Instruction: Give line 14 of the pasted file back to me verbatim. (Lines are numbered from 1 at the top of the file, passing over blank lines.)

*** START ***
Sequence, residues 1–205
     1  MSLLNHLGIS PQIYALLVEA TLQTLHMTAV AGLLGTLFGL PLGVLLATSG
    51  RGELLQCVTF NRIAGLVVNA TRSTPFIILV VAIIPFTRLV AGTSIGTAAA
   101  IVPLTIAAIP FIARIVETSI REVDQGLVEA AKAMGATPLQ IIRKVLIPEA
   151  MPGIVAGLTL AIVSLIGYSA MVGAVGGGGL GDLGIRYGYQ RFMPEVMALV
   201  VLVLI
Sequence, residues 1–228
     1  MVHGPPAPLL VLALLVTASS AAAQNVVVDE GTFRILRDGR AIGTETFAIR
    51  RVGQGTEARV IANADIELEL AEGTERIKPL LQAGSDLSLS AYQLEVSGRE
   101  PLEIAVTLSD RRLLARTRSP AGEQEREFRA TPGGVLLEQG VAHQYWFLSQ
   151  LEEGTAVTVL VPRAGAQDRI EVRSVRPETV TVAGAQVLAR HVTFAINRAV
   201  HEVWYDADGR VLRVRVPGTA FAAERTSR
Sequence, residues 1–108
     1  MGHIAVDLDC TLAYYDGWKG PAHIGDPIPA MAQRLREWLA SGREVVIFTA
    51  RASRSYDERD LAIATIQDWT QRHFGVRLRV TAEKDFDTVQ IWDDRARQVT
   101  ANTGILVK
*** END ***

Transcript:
     1  MGHIAVDLDC TLAYYDGWKG PAHIGDPIPA MAQRLREWLA SGREVVIFTA